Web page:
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What fruit trees grow well and are easy to care for in Alabama?

Posted by Roberts2600 Zone 7A (My Page) on
Sat, Jun 2, 12 at 18:48

I would like to know what fruit trees grow well and are easy to care for in North Alabama. Like Apple, Cherry, Plum, Peach, etc. I used to have some apple trees but then blow down a few years ago I guess because then had so many apples on them it pulled it over. If I go back with apple trees what are some easy ones to grow. Do I need to do anything special to them? Thanks for the help.


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RE: What fruit trees grow well and are easy to care for in Alabam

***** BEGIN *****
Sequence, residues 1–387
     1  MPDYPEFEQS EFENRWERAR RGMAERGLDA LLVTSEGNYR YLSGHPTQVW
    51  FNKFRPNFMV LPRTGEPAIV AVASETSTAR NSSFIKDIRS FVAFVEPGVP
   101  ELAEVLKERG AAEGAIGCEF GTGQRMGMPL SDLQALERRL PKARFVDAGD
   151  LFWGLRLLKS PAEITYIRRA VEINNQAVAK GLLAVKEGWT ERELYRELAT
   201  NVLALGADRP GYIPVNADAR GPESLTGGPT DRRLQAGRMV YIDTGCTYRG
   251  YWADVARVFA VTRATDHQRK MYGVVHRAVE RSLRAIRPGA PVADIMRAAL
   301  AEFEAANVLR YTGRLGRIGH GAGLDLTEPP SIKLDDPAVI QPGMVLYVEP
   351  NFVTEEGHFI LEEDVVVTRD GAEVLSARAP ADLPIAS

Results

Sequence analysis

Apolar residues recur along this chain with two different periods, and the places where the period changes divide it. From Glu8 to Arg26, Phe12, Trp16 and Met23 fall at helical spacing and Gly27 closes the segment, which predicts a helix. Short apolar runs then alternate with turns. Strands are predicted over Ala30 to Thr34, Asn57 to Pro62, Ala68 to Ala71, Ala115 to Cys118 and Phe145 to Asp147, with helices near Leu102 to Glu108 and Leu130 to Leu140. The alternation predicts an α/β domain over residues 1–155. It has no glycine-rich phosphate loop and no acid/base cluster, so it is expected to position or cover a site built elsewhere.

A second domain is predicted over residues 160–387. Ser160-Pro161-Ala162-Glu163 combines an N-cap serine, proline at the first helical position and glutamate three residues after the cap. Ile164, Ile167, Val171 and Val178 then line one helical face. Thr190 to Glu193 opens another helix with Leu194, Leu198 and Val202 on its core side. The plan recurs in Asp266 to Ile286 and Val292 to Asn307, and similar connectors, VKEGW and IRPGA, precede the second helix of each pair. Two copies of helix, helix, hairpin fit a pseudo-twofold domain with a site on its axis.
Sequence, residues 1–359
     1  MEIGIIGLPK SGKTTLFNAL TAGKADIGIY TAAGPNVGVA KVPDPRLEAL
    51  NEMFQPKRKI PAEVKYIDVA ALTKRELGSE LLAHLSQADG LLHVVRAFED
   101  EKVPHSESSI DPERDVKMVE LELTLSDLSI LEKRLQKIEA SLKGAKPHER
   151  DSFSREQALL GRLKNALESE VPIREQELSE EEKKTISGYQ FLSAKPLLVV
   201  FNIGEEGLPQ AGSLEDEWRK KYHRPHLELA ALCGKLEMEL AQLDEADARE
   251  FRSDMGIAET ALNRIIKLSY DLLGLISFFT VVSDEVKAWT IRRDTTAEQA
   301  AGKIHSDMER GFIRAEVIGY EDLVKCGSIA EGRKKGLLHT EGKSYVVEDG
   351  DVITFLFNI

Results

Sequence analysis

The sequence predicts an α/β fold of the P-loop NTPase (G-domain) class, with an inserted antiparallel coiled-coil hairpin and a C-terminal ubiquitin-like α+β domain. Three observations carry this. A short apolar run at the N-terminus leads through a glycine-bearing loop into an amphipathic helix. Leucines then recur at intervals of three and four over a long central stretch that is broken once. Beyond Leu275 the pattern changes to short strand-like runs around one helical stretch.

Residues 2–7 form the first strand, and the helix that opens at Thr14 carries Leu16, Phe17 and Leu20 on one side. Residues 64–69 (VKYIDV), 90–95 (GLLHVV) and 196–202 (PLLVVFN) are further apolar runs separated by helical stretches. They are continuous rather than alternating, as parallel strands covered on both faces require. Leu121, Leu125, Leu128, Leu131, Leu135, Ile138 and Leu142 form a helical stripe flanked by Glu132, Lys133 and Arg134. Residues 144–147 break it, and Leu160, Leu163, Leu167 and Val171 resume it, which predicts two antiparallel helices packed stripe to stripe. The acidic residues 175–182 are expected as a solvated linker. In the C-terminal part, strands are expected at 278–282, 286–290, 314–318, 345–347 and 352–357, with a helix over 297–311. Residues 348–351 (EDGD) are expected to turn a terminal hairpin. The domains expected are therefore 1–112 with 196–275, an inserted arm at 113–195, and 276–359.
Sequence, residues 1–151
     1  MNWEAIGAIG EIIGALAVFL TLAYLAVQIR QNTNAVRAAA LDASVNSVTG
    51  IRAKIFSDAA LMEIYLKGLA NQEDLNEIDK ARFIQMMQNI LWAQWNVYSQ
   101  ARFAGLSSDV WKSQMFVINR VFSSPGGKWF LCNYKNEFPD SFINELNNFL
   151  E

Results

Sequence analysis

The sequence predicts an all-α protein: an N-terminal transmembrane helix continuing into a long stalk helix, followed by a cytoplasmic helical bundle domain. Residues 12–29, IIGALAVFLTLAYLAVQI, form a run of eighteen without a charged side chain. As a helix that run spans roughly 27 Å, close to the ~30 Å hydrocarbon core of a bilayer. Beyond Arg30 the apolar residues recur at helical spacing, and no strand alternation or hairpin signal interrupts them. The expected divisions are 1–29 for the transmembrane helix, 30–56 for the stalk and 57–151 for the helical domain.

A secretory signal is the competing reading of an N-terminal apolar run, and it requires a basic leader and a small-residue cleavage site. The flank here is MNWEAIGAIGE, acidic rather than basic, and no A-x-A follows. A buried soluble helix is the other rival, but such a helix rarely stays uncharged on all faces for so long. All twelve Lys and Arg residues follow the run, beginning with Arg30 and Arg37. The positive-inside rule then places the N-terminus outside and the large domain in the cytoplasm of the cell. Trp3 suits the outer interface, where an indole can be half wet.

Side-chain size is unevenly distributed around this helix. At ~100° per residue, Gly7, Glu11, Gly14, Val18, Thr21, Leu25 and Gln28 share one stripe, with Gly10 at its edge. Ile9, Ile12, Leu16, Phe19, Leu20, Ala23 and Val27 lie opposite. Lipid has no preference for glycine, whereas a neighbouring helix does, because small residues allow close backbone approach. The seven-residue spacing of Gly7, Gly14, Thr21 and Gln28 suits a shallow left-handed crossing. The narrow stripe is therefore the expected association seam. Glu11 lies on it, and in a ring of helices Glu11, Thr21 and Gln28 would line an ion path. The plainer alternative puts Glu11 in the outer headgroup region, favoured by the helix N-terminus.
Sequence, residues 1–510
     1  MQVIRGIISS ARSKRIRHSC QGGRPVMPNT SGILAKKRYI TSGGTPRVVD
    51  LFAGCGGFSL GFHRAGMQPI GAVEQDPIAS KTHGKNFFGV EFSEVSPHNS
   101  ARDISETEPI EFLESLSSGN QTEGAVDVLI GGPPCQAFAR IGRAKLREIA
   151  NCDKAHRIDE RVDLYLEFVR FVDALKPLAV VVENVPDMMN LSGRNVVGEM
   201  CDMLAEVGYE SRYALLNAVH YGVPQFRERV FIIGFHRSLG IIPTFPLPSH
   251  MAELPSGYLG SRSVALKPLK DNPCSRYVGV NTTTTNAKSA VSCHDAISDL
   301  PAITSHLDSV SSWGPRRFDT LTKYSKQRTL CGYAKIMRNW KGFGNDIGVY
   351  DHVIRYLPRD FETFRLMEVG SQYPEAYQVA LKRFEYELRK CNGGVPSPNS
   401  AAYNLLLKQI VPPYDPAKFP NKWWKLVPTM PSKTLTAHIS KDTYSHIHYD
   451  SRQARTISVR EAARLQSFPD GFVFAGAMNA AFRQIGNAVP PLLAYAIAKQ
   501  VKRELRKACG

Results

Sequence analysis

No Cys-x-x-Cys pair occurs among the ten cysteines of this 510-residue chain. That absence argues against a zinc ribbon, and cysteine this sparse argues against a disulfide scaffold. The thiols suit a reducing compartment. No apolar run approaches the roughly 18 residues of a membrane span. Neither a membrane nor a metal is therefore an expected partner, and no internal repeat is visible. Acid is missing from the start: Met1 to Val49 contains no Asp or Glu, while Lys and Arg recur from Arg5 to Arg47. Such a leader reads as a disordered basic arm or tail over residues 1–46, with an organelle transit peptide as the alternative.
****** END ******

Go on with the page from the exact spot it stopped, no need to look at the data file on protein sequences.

I'm more or less in the same general fruit growing region and zone -- I'm in the northwestern NC Piedmont -- and based on my own experience and all the fruit trees I've observed in other people's yards in the area here are my lists. Trees I've seen produce good crops of fruit without having to spray and that seem otherwise fairly easy include figs, sour cherries, pears and especially Asian pears (except only the more fireblight resistant varieties), native persimmons, and mulberries. Pawpaws still haven't fruited for me after 5 years in the ground and they've been fussy to get established, but I've seen established pawpaws on other people's places that are super easy. I'm still waiting to see if jujubes will be easy and reliable. Although not trees, other perennial fruits I'd put on the relatively easy list are rabbiteye type blueberries, blackberries, and muscadine grapes, although building trellises is trouble and pruning for good production seems to be relatively more time-consuming with muscadines. I know about lots of backyard peaches in the area (including my own) but none that I would expect to find even one good peach on even one year in three. Brown rot is at least one big issue with backyard peaches. Plums seem to be more susceptible to late spring frosts in addition to disease/pest problems, although I have eaten a few (very few) local backyard plums. Apples seem to have lots of disease and pest problems, and I wouldn't put much hope even in the disease-resistant ones. I've seen some exceptional apple trees (not necessarily exceptional varieties but moreso exceptional specimens perhaps in exceptional locations) produce plentiful, edible crops, although every apple had bad cosmetic issues and there were plenty of worms and other insect damage.


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